Prime Minister Brian Mulroney
His 39 Cabinet ministers have not yet decided whether to increase the special salary allowances they get for their extra duties or continue the freeze they imposed in 1985.
But even if they opt for the freeze, their monthly pay cheques will still rise in 1987 because the basic pay package all members of Parliament and senators receive continues to increase in home equipment.
Mr. Mulroney will earn $132,755 next year compared with $131,055 this year and Cabinet ministers will collect $112,930, up from $111,330 this year, if their special allowances remain the same.
The average backbench MP will receive $75,400 in 1987 compared with $73,800 this year - after the $1,000 pay cut announced by Finance Minister Michael Wilson in his last budget.
Said the 282 MPs and 104 senators would have $1,000 carved from each of their 1986 salaries as part of the Government's plan to reduce the federal deficit.
But since the legislation was not passed until Dec. 19 - the day MPs and senators went home for Christmas - the cut will come out of their 1987 pay.
MPs will likely see the first three of their monthly pay cheques reduced by $333.33 each to pay off the $1,000. The cut officially counts on their 1986 salaries but effectively reduces salary increases from now on.
All MPs, including Mr. Mulroney and Cabinet ministers, earn basic salaries of $56,300 plus tax-free expense allowances based on their riding locations.
MPs from the Northwest Territories
Will have expense allowances of $25,200 next year. The figure for those in 23 remote ridings, including Mr. Mulroney's sprawling Quebec riding of Manicouagan, will be $23,500.
MPs in all the other ridings will receive $19,100 for their expense allowances, although the costs of running their offices, travel to and from their ridings and other perks of the job are paid out of general House of Commons expenses.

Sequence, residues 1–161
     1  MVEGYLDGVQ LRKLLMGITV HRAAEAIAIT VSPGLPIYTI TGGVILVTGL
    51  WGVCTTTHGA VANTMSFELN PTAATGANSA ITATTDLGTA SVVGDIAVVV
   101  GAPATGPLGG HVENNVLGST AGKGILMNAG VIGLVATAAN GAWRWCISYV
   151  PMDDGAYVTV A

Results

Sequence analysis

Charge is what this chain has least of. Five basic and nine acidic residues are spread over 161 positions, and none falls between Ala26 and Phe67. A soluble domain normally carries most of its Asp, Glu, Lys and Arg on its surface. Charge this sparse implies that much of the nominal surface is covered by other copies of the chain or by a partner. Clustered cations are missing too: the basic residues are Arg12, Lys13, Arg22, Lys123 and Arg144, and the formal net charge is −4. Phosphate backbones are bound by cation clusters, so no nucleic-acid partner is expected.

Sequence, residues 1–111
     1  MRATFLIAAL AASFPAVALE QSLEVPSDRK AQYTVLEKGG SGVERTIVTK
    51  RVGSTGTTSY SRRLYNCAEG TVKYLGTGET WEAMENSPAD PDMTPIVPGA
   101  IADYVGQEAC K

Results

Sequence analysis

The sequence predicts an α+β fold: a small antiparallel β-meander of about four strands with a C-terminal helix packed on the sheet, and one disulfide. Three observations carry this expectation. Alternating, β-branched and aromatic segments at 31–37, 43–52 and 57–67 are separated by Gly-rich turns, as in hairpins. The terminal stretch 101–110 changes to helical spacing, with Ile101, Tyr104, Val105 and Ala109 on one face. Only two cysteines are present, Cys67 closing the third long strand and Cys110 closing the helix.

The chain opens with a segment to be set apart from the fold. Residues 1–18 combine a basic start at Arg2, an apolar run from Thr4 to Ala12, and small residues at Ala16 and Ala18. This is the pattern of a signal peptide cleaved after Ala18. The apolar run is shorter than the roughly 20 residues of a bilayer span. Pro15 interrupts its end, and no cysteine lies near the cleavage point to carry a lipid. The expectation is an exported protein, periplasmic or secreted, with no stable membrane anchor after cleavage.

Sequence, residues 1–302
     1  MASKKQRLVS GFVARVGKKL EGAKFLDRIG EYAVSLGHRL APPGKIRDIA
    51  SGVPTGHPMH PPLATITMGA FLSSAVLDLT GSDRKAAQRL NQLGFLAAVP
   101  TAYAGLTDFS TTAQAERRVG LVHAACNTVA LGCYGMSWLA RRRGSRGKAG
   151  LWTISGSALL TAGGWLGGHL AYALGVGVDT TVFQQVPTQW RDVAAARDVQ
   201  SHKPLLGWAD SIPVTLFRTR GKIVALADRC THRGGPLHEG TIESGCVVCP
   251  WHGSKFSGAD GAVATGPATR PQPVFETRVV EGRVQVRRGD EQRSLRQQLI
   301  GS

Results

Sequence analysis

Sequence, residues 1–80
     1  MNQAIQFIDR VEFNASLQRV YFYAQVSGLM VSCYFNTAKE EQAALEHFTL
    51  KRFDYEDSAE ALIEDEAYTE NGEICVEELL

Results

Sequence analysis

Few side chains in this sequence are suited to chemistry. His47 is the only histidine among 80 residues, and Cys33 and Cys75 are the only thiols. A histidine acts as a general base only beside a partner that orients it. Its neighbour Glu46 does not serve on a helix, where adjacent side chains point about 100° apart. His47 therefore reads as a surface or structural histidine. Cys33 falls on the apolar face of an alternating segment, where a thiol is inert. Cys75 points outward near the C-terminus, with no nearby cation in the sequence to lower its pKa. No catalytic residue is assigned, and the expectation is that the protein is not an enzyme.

This means ordinary MPs from regular ridings who do not hold party positions will earn basic pay packages of $75,400 next year, up from $73,800 this year.
MPs holding party positions earn special salary allowances on top of the basic pay package.
Mr. Mulroney will earn $52,955 next year for his extra duties as Prime Minister, and Cabinet ministers an extra $37,530 if they decide to extend the 2-year-old freeze for another year.
In 1985, Mr. Mulroney decided to reduce his allowance by 15 per cent and Cabinet ministers' allowances by 10 per cent. Cabinet voted to keep the freeze this year but has not yet made the decision on 1987 salaries.
If they decide to pay themselves what they are legally entitled to, Mr. Mulroney could collect $145,200 next year and Cabinet ministers could receive $119,100.
By freezing their salaries for two years, the Government has saved taxpayers $20,390 on Mr. Mulroney's pay and $377,600 on Cabinet ministers.
The annual Jan. 1 increase
Which is roughly calculated as one percentage point below inflation - is outlined in complicated legislation and has not yet been formally set by the Government since it is awaiting final inflation figures for this year.
However, a Commons employee involved in calculating the pay raises said the increase will almost certainly be 2.25 per cent. Figures given are based on this rate.
Senators will earn $65,500 next year, up from $64,100 (including the $1,000 pay cut) this year. They earn the same basic salary as MPs but their expense allowance is smaller - $9,200 for every senator.
Liberal Leader John Turner and Commons Speaker John Fraser will each earn $119,100 next year, up from $116,600 this year, plus other perks including $2,000 a year for car allowance.
The Prime Minister and Cabinet ministers also get car allowances. The Speaker and the deputy Speaker, Marcel Danis, are given yearly rent allowances. Click homeequipment9.wordpress.com for more information.
New Democratic Party Leader Edward Broadbent was supposed to pass the six-figure mark this year but he slipped to $99,600 with the $1,000 pay cut. But he will definitely make it into the upper range in 1987 with his $101,700 salary.